De – niet bestaande – vrije wil toch in het brein ontdekt

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Alsof de NASA samen met universitaire astronomen zouden uitbazuinen dat ze
God in het heelal hebben ontdekt, zo publiceerden neuro-onderzoekers van de Johns
Hopkins University dat ze de vrije wil in het brein hebben gezien. Leon
Kuunders wees me op hun persbericht: “What Free Will Looks Like in the Brain” [
cf.] en hoorde hen a.h.w. roepen: Ladies and Gentlemen,
we've got him.

 


Het ‘glasheldere’ Abstract neem ik over:


The neural substrates of volition
have long tantalized philosophers and scientists. Over the past few decades,
researchers have employed increasingly sophisticated technology to investigate
this issue, but many studies have been limited considerably by their reliance
on intrusive experimental procedures (e.g., abrupt instructional cues),
measures of brain activity contaminated by overt behavior, or introspective
self-report techniques of questionable validity. Here, we used multivoxel
pattern time-course analysis of functional magnetic resonance imaging data to
index voluntary, covert perceptual acts—shifts of visuospatial attention—in the
absence of instructional cues, overt behavioral indices, and self-report. We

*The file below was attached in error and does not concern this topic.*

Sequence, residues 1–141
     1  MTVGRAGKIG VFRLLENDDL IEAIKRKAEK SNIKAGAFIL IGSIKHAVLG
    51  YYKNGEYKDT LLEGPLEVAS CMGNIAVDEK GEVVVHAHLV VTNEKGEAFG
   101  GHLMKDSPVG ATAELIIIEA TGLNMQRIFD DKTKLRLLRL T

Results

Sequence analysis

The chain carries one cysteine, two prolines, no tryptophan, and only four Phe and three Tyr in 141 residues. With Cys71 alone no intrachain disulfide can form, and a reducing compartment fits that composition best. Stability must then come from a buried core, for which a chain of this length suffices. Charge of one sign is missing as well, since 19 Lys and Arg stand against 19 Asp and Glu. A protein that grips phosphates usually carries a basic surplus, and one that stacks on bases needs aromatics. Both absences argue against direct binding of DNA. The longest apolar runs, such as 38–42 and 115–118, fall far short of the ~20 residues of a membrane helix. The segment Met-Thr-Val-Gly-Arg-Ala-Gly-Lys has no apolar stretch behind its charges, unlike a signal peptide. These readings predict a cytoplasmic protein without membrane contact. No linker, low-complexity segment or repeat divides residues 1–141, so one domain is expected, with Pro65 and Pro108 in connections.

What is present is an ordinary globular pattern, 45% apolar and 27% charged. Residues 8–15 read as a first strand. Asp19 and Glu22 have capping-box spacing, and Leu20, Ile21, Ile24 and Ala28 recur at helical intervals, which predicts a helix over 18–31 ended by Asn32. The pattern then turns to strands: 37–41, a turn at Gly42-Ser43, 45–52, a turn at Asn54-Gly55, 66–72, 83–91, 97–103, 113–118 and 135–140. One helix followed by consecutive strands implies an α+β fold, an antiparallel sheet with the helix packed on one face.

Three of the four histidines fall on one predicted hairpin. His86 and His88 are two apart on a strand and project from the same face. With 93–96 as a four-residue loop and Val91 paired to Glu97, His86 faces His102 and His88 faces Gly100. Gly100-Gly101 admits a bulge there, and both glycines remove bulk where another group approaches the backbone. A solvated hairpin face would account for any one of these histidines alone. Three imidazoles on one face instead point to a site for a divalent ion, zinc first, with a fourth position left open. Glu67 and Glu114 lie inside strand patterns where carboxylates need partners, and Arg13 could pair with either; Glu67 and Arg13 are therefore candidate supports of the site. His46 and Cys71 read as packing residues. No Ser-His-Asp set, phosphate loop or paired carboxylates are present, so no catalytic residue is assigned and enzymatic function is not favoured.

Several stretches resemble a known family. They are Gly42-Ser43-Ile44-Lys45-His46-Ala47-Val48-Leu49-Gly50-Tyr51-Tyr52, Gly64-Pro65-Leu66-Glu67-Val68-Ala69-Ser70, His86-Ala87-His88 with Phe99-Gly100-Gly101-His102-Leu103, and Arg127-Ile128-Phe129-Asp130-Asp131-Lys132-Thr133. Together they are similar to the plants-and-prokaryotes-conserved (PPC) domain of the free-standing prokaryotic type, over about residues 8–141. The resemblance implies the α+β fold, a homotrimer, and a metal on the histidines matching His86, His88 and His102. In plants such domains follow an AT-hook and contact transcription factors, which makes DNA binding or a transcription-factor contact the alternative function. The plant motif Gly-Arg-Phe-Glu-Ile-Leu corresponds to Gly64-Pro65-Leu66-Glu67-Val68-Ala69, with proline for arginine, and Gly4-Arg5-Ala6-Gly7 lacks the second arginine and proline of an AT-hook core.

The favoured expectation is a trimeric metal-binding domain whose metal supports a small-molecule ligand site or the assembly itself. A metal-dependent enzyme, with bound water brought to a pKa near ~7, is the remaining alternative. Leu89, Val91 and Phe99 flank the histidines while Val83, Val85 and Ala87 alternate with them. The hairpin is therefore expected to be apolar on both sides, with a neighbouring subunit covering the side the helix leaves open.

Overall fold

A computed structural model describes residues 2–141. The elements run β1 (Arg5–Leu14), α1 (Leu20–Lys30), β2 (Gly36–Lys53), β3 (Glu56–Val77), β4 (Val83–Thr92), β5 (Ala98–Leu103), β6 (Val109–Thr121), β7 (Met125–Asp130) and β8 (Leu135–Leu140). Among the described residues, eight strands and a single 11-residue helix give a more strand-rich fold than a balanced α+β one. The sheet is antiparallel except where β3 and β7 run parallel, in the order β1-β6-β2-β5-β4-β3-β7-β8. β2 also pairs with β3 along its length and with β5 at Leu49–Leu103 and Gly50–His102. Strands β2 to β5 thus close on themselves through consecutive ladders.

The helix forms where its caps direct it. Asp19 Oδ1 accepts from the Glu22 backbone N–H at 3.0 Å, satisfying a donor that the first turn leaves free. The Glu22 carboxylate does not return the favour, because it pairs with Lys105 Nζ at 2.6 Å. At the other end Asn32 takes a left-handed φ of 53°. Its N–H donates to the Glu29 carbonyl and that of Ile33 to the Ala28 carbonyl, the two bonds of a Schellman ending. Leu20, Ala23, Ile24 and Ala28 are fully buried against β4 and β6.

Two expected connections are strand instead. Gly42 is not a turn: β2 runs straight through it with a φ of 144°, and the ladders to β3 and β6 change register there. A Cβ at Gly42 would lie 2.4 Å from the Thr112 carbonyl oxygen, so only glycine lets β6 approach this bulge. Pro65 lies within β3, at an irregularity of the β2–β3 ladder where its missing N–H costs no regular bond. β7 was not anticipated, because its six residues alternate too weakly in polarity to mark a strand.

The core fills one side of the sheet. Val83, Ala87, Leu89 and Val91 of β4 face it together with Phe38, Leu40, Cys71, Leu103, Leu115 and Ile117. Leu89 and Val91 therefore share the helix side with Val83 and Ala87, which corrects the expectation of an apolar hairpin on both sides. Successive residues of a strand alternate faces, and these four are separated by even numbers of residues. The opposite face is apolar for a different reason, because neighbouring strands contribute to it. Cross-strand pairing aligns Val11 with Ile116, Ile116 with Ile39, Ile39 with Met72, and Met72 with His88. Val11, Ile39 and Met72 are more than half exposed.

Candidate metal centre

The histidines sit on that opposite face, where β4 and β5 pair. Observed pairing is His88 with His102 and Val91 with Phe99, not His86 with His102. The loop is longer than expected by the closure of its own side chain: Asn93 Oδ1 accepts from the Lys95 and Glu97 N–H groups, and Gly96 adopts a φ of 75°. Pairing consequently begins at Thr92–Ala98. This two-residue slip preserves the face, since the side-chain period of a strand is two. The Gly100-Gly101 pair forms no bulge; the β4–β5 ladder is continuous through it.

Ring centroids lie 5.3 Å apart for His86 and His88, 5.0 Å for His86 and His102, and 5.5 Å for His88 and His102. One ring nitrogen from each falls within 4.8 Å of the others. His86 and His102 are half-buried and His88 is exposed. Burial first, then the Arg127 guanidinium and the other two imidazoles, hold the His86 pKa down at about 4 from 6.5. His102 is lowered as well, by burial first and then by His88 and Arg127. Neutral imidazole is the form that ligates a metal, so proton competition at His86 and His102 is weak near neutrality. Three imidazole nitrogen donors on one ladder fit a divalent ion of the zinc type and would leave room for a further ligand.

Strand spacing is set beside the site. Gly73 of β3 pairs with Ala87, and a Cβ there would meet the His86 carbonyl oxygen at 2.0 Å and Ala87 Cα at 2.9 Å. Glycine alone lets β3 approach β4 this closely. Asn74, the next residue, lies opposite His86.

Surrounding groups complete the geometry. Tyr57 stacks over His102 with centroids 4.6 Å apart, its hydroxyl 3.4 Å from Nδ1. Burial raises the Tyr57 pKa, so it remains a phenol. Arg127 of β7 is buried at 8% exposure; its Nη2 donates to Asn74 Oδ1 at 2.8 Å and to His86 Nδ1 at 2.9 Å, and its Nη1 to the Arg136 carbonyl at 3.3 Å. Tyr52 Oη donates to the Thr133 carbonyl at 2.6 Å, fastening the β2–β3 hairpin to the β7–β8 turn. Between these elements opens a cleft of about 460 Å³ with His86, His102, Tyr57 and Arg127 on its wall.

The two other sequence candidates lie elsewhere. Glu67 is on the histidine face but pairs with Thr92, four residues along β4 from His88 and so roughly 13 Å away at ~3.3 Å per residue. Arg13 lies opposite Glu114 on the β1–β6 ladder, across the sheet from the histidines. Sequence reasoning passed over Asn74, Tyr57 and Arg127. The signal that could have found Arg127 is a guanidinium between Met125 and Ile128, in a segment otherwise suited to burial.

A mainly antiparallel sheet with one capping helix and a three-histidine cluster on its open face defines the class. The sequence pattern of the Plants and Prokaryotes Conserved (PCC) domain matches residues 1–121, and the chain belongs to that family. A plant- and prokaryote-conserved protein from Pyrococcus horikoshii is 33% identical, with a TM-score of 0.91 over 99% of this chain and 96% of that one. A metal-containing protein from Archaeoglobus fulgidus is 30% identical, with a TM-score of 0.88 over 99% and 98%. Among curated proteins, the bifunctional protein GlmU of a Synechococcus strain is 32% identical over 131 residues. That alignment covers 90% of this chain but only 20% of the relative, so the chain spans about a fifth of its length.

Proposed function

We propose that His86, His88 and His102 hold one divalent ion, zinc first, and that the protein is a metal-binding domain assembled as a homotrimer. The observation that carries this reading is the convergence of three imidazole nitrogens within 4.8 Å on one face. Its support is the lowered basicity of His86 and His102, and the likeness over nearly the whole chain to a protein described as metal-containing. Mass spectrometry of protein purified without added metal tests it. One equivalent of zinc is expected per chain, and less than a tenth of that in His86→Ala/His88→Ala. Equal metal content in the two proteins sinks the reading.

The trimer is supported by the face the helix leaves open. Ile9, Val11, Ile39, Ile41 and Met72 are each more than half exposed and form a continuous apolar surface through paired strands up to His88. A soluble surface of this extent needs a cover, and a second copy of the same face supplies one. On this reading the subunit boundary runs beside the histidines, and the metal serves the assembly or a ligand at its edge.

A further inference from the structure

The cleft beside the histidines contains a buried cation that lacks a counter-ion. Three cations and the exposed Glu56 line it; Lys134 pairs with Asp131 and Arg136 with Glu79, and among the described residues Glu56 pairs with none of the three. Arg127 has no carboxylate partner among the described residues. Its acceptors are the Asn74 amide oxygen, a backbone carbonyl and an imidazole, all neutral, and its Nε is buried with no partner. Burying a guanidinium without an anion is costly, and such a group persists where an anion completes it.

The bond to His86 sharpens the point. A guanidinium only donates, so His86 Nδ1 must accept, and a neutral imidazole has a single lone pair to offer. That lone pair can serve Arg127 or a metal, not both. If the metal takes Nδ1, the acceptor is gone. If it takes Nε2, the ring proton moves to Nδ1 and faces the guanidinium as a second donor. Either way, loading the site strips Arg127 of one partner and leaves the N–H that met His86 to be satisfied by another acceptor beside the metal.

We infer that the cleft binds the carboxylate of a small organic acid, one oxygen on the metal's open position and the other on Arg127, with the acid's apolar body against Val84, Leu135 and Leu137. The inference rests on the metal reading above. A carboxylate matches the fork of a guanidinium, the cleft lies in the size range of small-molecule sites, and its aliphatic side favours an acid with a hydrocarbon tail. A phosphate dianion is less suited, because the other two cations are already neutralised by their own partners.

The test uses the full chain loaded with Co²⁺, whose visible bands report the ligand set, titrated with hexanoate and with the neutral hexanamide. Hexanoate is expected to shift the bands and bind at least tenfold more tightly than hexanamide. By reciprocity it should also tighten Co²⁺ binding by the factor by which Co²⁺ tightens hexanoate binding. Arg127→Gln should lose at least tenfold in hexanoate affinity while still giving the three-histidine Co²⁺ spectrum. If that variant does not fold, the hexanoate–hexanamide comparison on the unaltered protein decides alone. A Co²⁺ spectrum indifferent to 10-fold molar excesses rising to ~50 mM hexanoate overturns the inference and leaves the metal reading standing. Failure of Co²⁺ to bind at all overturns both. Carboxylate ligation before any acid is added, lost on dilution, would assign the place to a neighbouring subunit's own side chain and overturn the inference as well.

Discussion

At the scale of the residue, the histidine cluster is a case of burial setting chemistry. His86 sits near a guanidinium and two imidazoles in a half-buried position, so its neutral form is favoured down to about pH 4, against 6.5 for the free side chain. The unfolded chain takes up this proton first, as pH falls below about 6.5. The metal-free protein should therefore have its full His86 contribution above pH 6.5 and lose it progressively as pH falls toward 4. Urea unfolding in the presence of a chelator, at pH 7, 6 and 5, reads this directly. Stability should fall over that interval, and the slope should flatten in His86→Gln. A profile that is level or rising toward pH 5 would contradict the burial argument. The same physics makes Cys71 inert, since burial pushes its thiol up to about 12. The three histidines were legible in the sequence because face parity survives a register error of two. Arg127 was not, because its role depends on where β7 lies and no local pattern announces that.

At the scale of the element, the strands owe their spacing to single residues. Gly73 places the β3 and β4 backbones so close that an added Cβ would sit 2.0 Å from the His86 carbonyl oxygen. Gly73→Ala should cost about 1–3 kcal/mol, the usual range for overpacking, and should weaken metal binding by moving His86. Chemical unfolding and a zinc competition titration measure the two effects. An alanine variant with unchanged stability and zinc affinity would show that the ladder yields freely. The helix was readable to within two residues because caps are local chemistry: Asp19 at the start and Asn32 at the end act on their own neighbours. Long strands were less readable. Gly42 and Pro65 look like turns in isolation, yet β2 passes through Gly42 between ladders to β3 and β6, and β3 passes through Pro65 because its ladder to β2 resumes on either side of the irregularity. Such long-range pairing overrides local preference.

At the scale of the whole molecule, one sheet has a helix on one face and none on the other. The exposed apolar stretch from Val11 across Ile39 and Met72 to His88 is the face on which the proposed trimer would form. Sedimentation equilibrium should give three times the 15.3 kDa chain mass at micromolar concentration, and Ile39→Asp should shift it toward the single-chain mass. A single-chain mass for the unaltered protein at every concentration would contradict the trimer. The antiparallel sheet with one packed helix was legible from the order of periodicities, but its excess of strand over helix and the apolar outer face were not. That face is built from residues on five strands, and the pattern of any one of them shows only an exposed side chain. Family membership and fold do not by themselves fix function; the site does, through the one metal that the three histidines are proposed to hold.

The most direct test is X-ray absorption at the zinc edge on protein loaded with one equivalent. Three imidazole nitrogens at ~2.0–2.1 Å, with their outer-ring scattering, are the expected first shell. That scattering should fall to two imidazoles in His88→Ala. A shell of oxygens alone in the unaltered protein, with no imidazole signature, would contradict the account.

found that these self-generated, voluntary attention shifts were time-locked to
activity in the medial superior parietal lobule, supporting the hypothesis that
this brain region is engaged in voluntary attentional reconfiguration.
Self-generated attention shifts were also time-locked to activity in the basal
ganglia, a novel finding that motivates further research into the role of the
basal ganglia in acts of volition. Remarkably, prior to self-generated shifts
of attention, we observed early and selective increases in the activation of
medial frontal (dorsal anterior cingulate) and lateral prefrontal (right middle
frontal gyrus) cortex—activity that likely reflects processing related to the
intention or preparation to reorient attention. These findings, which extend
recent evidence on freely chosen motor movements, suggest that dorsal anterior
cingulate and lateral prefrontal cortices play key roles in both overt and
covert acts of volition, and may constitute core components of a brain network
underlying the will to attend.


Het is dezelfde universiteit waar de Spinoza scholar Yitzhak
Melamed hoogleraar filosofie is. De neurowetenschappers zouden eens bij hem
langs kunnen gaan om zich te laten uitleggen wat Spinoza eigenlijk bedoelde met
te stellen en te beargumenteren dat de vrije wil in ons niet bestaat. Uiteraard
hebben we willingen en verlangens en maken we keuzen, maar niet vanuit een
onveroorzaakt wilsvermogen (dat we niet hebben, ook niet in het brein).

[Illustratie van neurosciencenews.com aangepast aan blog-maten]